Yukon ATV regulations lag way behind

The Yukon is the only Canadian jurisdiction without all-terrain vehicle safety legislation. Dr. Brendan Hanley hopes to change that.

The Yukon is the only Canadian jurisdiction without all-terrain vehicle safety legislation.

Dr. Brendan Hanley hopes to change that.

“The thing about ATVs is that they are relatively recent on the scene,” the territory’s newly appointed medical health officer said on Tuesday.

“The legislation has not caught up yet.”

Snowmobile safety legislation isn’t much better, said Hanley.

“There is legislation, but it’s very limited and it’s incorporated into the Yukon Motor Vehicles Act.”

It states no person shall operate a snowmobile without a safety helmet.

It also prohibits youngsters under the age of 16 from driving them.

“This is the only piece of legislation addressing snowmobile safety,” said Hanley.

“Snowmobile safety is so much more than just putting a helmet on — that’s important, but it’s not enough.

In a two-year period, 104 snowmobilers came to the Whitehorse General Hospital with injuries.

Three of the injured were less than three years old.

Most injuries involved broken bones, but there were some serious injuries.

Two people had major head injuries; one died in the emergency department.

“Where it was recorded, 21 out of 26 people were wearing helmets,” said Hanley.

“So we can conclude that most snowmobilers do wear helmets.”

ATVs are a different story.

In the same two-year period, 99 people have been admitted to Whitehorse General Hospital with ATV related injuries.

Of the 51 patients asked, almost half were not wearing helmets.

Five had serious head injuries.

One died. Another had a broken neck.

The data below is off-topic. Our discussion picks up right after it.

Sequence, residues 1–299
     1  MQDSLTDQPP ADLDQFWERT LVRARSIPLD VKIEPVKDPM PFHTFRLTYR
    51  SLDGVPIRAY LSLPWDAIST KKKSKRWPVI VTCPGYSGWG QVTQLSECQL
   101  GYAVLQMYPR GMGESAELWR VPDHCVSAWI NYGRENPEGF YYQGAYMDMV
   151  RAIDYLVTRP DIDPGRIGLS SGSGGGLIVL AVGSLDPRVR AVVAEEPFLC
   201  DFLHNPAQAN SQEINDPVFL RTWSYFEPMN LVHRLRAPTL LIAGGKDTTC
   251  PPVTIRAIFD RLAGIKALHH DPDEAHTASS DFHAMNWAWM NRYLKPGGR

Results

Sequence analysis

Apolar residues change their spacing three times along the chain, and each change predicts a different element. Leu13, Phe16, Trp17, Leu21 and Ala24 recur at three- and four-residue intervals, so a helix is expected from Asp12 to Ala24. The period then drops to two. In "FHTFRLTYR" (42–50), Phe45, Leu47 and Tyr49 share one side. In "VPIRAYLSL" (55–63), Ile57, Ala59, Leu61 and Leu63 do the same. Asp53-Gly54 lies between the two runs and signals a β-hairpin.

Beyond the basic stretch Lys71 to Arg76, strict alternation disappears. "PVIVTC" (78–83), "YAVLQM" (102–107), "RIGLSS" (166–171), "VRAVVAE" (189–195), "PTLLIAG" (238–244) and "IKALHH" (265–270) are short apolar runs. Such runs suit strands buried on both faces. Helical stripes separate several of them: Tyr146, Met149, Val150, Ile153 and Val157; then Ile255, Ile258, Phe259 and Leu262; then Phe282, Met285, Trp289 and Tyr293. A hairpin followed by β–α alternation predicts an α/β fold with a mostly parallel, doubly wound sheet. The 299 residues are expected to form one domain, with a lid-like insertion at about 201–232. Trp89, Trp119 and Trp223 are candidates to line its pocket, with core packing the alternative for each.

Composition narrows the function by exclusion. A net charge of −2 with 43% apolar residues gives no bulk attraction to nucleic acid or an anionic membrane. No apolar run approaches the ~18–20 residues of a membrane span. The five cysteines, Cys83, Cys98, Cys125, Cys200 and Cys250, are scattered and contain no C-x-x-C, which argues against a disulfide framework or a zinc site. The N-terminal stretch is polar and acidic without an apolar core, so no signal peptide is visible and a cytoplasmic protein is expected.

“It suggests that ATV riders are using helmets far less,” said Hanley.

But why?

Helmets are required for snowmobiles, but not for ATVs.

Does legislation make a difference?

“Possibly, but we also know that there’s almost no enforcement of the helmet laws for snowmobiles.”

The reckless use of ATVs may be due to the lack of a social culture around the relatively new vehicles, said Hanley.

Snowmobiles have been around for several generations and there are organizations, like the Klondike Snowmobile Association, to promote safety.

Two weeks ago, the snowmobile association joined other stakeholders at the ATV/Snowmachine Safety Forum, organized by Safe Communities Whitehorse.

Hanley served as forum chair.

“I was really surprised at how much consensus there was that something needs to be done,” he said.

“One of the big areas is definitely legislation.”

Without legislation, it is very difficult to promote safety, said retailers at the meeting.

If retailers suggest a customer purchase a helmet along with an ATV, it is perceived as a money grab.

If it’s not required by law, many riders think they don’t need a helmet.

“Legislation is not just about chasing down people that aren’t wearing helmets,” said Hanley.

“It’s about having a framework so that you can incorporate other things such as training.”

Training could be required to operate ATVs and snowmobiles.

Safe Communities Whitehorse wants to find ways to integrate safety education into the schools and rural communities.

The bison hunt would be a perfect opportunity to teach students vehicle safety, said Hanley.

An age limit could also be implemented, or restricting the size and power of vehicles that young people can ride.

It’s like safety belts for cars, said Hanley.

It may take campaigning and lobbying of the government, but over time helmets and safe ATV and snowmobile use should become part of the Yukon’s culture.

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